Earlier lessons have discussed function calls, literal values, and variables. Now we need to take a closer look at how they may be combined with operators to create expressions.
This lesson will concentrate on expressions. A subsequent lesson will concentrate on operators.
The resulting value can be a number, a string, or a logical (boolean) value.
Expressions can be very simple or very complex, depending on the need.
Some expressions are used to assign a value to a variable. For
example, the following box shows two expressions that assign a value to
the variable named myVar. The first expression is a simple
assignment which assigns a literal value to a variable. The second
expression is much more complex.
myVar = 10 myVar = ((6 + x) + myFunction(z))/Q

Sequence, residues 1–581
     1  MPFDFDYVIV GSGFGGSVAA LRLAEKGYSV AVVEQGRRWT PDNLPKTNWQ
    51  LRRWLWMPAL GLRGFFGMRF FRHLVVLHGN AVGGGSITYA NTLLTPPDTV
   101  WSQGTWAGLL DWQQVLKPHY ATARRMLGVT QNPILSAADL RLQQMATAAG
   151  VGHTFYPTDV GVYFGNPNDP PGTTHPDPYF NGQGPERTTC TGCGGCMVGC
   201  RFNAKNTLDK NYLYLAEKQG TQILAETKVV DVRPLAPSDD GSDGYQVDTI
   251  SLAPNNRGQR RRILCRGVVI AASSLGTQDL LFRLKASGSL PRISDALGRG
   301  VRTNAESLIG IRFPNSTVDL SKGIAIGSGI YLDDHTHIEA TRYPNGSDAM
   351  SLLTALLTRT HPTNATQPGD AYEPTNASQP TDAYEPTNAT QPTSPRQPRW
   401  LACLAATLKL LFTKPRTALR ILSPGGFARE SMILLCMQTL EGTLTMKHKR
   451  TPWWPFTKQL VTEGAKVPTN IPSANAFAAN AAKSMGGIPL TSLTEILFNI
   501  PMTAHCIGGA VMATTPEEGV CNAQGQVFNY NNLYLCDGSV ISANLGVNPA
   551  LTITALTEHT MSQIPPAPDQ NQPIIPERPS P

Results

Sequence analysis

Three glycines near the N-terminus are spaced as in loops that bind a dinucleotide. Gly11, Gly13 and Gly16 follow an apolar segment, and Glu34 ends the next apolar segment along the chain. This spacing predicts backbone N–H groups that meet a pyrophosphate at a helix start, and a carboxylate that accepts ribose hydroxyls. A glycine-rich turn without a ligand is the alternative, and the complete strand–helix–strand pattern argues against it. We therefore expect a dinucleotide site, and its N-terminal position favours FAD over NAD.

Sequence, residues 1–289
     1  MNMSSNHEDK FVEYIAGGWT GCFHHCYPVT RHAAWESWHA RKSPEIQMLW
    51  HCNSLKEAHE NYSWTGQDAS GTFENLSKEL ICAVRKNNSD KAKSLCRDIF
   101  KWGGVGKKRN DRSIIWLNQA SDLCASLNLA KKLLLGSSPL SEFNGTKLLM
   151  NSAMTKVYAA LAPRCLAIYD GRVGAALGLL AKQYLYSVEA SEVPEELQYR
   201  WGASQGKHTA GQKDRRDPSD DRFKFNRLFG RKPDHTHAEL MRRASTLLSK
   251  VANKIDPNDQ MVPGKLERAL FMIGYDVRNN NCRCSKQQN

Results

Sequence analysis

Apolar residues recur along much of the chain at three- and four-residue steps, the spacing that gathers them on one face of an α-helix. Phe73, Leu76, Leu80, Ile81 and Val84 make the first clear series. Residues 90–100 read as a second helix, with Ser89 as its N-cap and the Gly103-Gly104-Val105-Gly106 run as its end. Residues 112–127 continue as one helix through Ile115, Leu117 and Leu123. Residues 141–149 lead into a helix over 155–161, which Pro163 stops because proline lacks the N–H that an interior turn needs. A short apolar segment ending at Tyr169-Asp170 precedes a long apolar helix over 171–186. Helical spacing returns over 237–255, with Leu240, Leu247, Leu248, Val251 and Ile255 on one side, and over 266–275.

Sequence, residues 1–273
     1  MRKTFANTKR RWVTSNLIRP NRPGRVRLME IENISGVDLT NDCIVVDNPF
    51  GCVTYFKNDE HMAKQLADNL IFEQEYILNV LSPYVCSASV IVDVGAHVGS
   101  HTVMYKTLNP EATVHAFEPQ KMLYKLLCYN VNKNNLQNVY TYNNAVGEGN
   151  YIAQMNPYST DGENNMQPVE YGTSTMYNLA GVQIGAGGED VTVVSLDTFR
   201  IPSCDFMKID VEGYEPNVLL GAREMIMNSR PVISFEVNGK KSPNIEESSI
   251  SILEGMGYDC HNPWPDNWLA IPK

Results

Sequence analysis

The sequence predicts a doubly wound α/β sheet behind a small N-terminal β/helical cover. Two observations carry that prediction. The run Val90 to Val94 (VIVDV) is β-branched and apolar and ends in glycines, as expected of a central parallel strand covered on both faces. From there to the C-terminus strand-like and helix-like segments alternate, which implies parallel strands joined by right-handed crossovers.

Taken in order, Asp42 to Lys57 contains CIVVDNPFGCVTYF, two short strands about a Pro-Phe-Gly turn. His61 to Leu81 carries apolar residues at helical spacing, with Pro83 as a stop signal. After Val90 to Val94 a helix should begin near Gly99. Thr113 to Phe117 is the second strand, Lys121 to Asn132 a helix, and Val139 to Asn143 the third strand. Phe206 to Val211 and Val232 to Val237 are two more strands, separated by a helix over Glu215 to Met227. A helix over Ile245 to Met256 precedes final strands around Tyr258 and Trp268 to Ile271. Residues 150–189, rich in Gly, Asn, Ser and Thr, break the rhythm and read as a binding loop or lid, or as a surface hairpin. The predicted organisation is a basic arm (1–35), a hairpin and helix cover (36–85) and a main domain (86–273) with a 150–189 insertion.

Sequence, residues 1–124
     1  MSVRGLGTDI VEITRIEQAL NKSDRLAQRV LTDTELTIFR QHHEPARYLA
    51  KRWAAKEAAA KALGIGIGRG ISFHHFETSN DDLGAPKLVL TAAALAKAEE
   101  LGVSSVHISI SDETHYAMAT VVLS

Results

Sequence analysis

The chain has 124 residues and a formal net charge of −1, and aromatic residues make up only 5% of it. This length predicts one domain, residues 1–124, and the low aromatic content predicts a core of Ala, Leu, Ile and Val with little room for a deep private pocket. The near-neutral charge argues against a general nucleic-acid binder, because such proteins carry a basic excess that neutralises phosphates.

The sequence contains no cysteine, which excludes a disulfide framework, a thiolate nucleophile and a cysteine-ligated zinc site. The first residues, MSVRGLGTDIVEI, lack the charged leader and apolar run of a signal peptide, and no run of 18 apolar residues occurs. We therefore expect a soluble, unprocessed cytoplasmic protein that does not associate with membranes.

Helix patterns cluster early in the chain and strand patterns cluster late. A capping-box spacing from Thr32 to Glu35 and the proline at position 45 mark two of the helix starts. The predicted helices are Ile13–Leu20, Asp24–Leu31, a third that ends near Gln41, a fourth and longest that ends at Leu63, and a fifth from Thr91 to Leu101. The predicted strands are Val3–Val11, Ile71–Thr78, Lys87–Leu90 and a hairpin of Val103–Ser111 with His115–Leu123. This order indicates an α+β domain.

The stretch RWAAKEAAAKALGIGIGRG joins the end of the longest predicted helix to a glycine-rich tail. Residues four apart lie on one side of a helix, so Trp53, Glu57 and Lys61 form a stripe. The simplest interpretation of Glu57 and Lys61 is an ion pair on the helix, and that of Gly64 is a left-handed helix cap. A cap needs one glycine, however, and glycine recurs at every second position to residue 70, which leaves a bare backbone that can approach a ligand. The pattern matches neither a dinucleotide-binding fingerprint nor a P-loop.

For example, the second expression from above is repeated below.
myVar = ((6 + x) + myFunction(z))/Q
According to Netscape, there are a couple of subtle issues involving expressions.
The special keyword null denotes a null value. This is in contrast to variables that have not been assigned a value. Such variables are undefined and will cause a runtime error if used as numbers or as numeric variables.
On the other hand, array elements that have not been assigned a value evaluate to the boolean value false. We will discuss this in more detail when we discuss arrays.
Most of the lessons in this tutorial will contain one or more sample scripts that illustrate the material in this lesson. However, we will forego the sample script in this lesson because virtually every other sample script in every other lesson will contain one or more expressions. There will be no shortage of sample scripts containing expressions.